Artificial hand able to respond sensitively thanks to muscles made from smart metal wires
Engineers at Saarland University have taken a leaf out of nature's book by equipping an artificial hand with muscles made from shape-memory wire. The new technology enables the fabrication of flexible and lightweight robot hands for industrial applications and novel prosthetic devices. The muscle fibres are composed of bundles of ultrafine nickel-titanium alloy wires that are able to tense and flex. The material itself has sensory properties allowing the artificial hand to perform extremely precise movements. The research group led by Professor Stefan Seelecke will be showcasing their prototype artificial hand and how it makes use of shape-memory 'metal muscles' at HANNOVER MESSE – the world's largest industrial fair – from April 13th to April 17th. The team, who will be exhibiting at the Saarland Research and Innovation Stand in Hall 2, Stand B 46, are looking for development partners.
The hand is the perfect tool. Developed over millions of years, its 'design' can certainly be said to be mature. The hand is extraordinarily mobile and adaptable, and the consummate interaction between the muscles, ligaments, tendons, bones and nerves has long driven a desire to create a flexible tool based upon it. The research team led by Professor Stefan Seelecke from Saarland University and the Center for Mechatronics and Automation Technology (ZeMA) is using a new technology based on the shape memory properties of nickel-titanium alloy. The engineers have provided the artificial hand with muscles that are made up from very fine wires whose diameter is similar to that of a human hair and that can contract and relax.
'Shape-memory alloy (SMA) wires offer significant advantages over other techniques,' says Stefan Seelecke. Up until now, artificial hands, such as those used in industrial production lines, have relied on a lot of complex background technology. As a result they are dependent on other devices and equipment, such as electric motors or pneumatics, they tend to be heavy, relatively inflexible, at times loud, and also expensive. 'In contrast, tools fabricated with artificial muscles from SMA wire can do without additional equipment, making them light, flexible and highly adaptable. They operate silently and are relatively cheap to produce. And these wires have the highest energy density of all known drive mechanisms, which enables them to perform powerful movements in restricted spaces,' explains Seelecke. The term 'shape memory' refers to the fact that the wire is able to 'remember' its shape and to return to that original predetermined shape after it has been deformed. 'This property of nickel-titanium alloy is a result of phase changes that occur within the material. If the wire becomes warm, which happens, for instance, when it conducts electricity, the material transforms its lattice structure causing it to contract like a muscle,' says Seelecke.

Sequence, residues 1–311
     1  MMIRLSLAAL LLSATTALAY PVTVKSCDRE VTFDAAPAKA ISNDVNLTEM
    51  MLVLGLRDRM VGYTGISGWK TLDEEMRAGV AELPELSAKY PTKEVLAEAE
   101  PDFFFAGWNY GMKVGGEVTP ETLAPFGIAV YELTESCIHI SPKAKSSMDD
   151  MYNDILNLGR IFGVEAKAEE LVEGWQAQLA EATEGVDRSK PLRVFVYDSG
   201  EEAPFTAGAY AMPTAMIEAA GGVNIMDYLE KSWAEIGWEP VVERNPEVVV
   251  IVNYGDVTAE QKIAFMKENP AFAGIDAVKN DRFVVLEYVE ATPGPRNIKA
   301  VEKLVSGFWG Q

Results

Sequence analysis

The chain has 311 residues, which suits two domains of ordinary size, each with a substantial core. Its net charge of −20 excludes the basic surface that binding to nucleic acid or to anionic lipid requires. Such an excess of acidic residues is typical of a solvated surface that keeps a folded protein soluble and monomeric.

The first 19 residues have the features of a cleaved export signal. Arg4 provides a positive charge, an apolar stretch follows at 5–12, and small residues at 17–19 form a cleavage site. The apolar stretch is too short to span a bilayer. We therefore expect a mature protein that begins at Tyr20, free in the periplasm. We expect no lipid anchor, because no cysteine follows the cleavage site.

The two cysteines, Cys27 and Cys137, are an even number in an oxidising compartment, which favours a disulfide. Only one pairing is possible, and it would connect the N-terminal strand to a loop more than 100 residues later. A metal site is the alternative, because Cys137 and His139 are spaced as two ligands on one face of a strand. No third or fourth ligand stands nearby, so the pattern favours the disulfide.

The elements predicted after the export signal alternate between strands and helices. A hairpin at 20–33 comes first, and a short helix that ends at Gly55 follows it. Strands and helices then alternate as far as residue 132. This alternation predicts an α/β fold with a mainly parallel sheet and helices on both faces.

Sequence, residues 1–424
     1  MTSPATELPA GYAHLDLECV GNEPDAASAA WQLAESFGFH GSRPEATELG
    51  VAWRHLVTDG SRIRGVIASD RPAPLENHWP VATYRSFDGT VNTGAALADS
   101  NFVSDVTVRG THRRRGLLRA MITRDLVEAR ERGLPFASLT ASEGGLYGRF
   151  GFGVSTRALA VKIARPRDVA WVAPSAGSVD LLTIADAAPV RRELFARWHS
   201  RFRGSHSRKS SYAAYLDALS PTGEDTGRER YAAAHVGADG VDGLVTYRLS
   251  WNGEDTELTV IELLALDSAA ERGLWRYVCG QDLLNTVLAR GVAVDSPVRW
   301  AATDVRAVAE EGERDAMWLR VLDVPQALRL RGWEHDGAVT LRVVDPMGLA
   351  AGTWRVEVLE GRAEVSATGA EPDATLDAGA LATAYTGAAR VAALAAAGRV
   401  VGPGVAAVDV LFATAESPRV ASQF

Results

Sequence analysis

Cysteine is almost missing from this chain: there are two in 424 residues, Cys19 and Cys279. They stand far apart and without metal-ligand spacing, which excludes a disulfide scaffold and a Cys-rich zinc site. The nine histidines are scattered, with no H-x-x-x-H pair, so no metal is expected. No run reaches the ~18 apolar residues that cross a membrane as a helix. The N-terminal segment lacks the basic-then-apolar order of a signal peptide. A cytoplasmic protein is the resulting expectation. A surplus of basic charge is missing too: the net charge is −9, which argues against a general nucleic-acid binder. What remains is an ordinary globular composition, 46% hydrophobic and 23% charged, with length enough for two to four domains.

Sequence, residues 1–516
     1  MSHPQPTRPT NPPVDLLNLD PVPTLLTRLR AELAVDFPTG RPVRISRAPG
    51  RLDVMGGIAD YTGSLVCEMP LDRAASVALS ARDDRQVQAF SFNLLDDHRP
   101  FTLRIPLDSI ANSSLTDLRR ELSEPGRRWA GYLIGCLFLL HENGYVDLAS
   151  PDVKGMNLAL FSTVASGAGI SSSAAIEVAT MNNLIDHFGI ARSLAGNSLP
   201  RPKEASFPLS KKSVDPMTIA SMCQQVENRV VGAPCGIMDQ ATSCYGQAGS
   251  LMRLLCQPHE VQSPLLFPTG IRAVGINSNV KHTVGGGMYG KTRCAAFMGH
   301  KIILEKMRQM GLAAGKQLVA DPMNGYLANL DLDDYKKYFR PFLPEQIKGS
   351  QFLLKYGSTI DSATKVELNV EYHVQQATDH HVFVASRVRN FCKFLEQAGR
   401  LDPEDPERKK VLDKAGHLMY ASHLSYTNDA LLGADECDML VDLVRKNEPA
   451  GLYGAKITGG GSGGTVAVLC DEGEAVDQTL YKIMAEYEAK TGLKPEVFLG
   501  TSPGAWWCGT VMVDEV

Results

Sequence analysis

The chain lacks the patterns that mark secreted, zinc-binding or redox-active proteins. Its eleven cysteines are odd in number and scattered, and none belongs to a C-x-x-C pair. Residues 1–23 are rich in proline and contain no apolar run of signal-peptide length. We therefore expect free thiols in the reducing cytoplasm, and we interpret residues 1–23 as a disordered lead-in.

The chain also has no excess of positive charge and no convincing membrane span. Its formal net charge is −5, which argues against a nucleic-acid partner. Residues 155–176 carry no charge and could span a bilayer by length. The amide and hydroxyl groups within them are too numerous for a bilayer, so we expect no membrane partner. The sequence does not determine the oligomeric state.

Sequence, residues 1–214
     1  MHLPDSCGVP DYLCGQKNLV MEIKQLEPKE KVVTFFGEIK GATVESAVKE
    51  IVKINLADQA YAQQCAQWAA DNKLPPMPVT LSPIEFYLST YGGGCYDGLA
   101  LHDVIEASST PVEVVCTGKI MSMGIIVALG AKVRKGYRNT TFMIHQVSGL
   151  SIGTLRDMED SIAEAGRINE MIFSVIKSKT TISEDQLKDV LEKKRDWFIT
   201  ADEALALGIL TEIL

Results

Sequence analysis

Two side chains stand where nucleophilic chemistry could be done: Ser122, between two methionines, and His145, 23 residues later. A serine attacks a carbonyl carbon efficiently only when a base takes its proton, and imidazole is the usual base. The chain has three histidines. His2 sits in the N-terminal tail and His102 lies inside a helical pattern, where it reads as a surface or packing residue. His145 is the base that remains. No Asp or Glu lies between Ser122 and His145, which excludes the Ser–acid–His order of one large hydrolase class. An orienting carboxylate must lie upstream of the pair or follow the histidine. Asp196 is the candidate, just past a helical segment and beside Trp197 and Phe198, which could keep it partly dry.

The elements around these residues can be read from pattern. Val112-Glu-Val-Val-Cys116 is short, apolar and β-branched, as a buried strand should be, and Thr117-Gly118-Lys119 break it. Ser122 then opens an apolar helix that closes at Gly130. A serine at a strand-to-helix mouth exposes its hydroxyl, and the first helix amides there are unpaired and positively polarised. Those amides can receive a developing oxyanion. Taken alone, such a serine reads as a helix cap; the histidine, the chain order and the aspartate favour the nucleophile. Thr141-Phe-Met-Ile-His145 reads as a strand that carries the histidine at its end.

The engineers use 'smart' wires to play the role of muscles in the artificial hand. Multiple strands of shape-memory wire connect the finger joints and act as flexor muscles on the front-side of the finger and as extensor muscles on the rear. In order to facilitate rapid movements, the engineers copied the structure of natural human muscles by grouping the very fine wires into bundles to mimic muscle fibres. These bundles of wires are as fine as a thread of cotton, but have the tensile strength of a thick wire. 'The bundle can rapidly contract and relax while exerting a high tensile force,' explains Filomena Simone, an engineer who is working on the prototype of the artificial hand as part of her doctoral research. 'The reason for this behaviour is the rapid cooling that is possible because lots of individual wires present a greater surface area through which heat can be dissipated. Unlike a single thick wire, a bundle of very fine wires can undergo rapid contractions and extensions equivalent to those observed in human muscles. As a result, we are able to achieve fast and smooth finger movements,' she explains.
Another effect of using the shape-memory metal wires is that the hand can respond in a natural manner when someone intervenes while a particular movement is being carried out. This means that humans can literally work hand-in-hand with the prototype device. A semiconductor chip controls the relative motions of the SMA wires allowing precise movements to be carried out. And the system does not need sensors. 'The material from which wires are made has sensor properties. The controller unit is able to interpret electric resistance measurement data so that it knows the exact position of the wires at any one time,' says Seelecke. This enables the hand and the fingers to be moved with high precision. The research team will be exhibiting their system prototypes at HANNOVER MESSE 2015 and showcasing the potential of the technology by performing hand grasps and the controlled movement of individual fingers. The researchers want to continue developing the prototype and improve the way in which it simulates the human hand. This will involve modelling hand movement patterns and exploiting the sensor properties of SMA wire.